No organization (or issue) is an island, and central to collective impact is the recognition that achieving real impact means changing complex and dynamic systems. Yet, too much work happens in isolation. While funders might like to see more collaboration among their grantees, the reality is that too many nonprofits lack the opportunity and resources to engage in collective work. In the process of securing sufficient funding, mapping out sustainability plans, cultivating a “brand” and seeking recognition, the necessary work of collaboration often goes to the wayside.

If funders want to help spur collective action among the organizations they support then the first step is to examine how existing grantmaking processes exacerbate the prevailing “go it alone” mindset. The next step is to explore how, as a funder, you can help grantees build the skills, mindset and capacity to enable organizations to collaborate.

What are the capacities that can spark collaboration and that grantmaker should support? A handful from GEO’s publication include the following (please add others!):

Strong Leadership and an open mindset: Laying the groundwork to build and sustain collective action not only takes time and hard work, but also takes vigilance. In the networked organizations that GEO observed, staff and leadership of these organizations recognize that they are part of an ecosystem that is working toward a shared mission, so they actively try to understand, build and sustain connections within it.

Ability to share power and responsibility: Working effectively in partnership takes humility and willingness to trade control and power for a higher level of impact. As a result, participants actively practice the hard work of looking beyond the specific objectives of their own organizations toward bigger mission goals.

Adaptability and flexibility: Inevitably, cross-sector partnerships evolve, new partners bring new perspectives, priorities change and the external environment may shift. As a result, partners in a collaborative effort need to exercise a high level of “adaptive capacity,” defined by TCC Group as “the ability to monitor, assess, respond to, and stimulate internal and external changes.”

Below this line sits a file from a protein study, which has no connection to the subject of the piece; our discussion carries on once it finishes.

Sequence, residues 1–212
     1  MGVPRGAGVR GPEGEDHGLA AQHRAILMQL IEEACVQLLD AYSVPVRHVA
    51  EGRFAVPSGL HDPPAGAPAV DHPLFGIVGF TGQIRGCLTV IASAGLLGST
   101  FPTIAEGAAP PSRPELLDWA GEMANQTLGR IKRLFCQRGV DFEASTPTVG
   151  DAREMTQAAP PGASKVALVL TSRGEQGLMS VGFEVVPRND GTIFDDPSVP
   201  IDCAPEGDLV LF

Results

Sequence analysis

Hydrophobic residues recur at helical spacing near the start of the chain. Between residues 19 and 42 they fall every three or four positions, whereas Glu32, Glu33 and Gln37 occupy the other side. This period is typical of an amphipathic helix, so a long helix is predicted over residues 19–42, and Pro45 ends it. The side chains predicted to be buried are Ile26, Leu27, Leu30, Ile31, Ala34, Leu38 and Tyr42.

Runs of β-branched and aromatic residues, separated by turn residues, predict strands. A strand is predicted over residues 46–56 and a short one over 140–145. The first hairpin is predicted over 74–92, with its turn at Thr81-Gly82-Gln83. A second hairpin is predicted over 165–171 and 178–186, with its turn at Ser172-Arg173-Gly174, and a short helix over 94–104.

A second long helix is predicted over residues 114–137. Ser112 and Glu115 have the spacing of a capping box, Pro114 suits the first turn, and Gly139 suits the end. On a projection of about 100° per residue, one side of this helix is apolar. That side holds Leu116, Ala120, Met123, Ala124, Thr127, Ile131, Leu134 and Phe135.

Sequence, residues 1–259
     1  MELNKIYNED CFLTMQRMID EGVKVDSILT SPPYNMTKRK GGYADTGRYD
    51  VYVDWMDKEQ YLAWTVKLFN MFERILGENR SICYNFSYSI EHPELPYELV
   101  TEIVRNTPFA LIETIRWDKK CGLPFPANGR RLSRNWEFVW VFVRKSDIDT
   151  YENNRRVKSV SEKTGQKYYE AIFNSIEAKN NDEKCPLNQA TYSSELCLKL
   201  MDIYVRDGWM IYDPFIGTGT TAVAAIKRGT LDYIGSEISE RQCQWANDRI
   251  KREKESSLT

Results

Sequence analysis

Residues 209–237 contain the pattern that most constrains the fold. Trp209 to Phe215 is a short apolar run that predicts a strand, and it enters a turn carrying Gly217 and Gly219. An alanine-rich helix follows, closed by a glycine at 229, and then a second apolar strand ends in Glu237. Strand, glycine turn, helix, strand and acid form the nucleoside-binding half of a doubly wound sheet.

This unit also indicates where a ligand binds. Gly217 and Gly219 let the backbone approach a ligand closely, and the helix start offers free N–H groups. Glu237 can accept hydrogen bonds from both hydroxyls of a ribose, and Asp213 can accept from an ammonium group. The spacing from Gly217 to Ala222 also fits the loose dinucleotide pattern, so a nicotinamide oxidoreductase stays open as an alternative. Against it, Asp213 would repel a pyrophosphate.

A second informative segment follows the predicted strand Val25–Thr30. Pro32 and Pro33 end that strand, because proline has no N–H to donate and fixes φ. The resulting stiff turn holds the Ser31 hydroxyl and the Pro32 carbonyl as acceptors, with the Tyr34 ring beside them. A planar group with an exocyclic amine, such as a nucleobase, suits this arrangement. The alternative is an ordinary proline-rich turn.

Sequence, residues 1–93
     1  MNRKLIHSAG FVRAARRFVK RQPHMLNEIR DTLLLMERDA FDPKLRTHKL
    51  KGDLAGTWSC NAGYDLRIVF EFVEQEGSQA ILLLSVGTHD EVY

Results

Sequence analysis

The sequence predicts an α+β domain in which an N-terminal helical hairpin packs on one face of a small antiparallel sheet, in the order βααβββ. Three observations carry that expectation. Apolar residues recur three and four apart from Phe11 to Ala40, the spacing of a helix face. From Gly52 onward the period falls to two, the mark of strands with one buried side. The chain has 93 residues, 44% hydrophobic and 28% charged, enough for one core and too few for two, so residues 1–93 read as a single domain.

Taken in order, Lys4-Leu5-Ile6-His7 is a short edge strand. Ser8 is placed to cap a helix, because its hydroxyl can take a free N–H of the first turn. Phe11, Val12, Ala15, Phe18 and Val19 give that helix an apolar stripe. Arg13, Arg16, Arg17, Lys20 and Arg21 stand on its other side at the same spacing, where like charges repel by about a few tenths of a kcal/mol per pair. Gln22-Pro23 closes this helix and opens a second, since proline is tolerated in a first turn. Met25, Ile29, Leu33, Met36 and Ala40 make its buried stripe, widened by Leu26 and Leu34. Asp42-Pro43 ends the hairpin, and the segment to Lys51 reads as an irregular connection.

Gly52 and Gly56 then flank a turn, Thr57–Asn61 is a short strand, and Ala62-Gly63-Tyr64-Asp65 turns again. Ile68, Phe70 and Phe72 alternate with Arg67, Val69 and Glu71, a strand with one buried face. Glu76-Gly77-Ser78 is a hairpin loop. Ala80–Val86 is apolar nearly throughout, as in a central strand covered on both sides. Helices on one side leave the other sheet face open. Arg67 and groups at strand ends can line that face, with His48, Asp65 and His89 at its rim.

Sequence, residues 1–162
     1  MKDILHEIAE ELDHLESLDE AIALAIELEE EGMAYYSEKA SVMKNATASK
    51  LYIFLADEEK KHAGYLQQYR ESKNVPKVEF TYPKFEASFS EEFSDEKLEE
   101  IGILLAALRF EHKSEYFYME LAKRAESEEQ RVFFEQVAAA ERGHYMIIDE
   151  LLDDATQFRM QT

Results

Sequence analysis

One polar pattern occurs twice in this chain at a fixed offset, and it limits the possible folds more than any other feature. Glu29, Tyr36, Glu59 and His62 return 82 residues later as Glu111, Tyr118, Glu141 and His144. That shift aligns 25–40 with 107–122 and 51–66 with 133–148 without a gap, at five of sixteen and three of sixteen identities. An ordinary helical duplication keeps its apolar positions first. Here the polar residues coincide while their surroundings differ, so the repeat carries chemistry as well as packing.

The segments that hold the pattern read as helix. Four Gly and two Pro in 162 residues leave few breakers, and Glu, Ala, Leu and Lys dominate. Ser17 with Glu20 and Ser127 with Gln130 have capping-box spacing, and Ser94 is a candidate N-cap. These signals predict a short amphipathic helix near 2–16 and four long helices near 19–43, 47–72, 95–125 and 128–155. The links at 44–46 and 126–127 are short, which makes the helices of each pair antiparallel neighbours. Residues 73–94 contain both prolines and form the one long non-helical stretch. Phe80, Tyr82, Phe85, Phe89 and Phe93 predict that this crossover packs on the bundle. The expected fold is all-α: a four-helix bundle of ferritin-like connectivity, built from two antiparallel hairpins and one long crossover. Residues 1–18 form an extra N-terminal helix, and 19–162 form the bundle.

Strong connectivity and relationship building: Strong relationships are the bedrock of partnership. Organizations that are externally focused support their staff to reach out to others, even when their priorities or work may differ.

So, how can grantmakers help cultivate these capacities in the nonprofits they support? These capacities don’t come easily when simply surviving and meeting the needs of communities is the day-to-day priority. However, here are several approaches grantmakers can consider:

Help make connections, don’t force them: The relationships that make up the fabric of any collective impact effort work best when they evolve on their own — not by force. While a grantmaker’s vantage point may enable them to see across efforts and see areas of alignment, how they cultivate the connections they seek to make is critical. Rather than putting nonprofits in an uncomfortable position where they may feel forced to collaborate, a better approach is to play a connecting and convening role but to leave the nonprofits in the driver’s seat when it comes to exploring common interests and possible collaborative activities.

Offer core support and flexible, long-term funding to grantees: Laying the groundwork for collective action cannot be accounted for in a one-year program budget and it requires support that is flexible so that collaborative efforts are more nimble and adaptive. By providing steady “core” funding to organizations participating in aligned work, funders can also reduce competition among collaborative members for year-to-year project dollars and help speed the process of trust building.

Provide necessary resources to support and enable collaboration: Grantmakers can provide critical support for the logistics and operations of partnerships. Grantmakers can also bring multiple forms of capital to the work, such as bringing other funders to the table, securing media coverage for the work, convening government and business partners, and more. In some cases, funders also can lend intellectual and technical support and expertise to nonprofit collaboratives through facilitation, research and more.

Many nonprofits are tired of funders telling them they need to work together without providing any real incentives to do so. For funders of collective impact, giving grantees the right kind of support is critical to the survival of any effort. Grantmakers have an opportunity to propel the work of a collective forward by reexamining their own internal processes, understanding the capacities that nonprofits need to thrive in a collaboration and to direct the right resources to bolstering these capacities.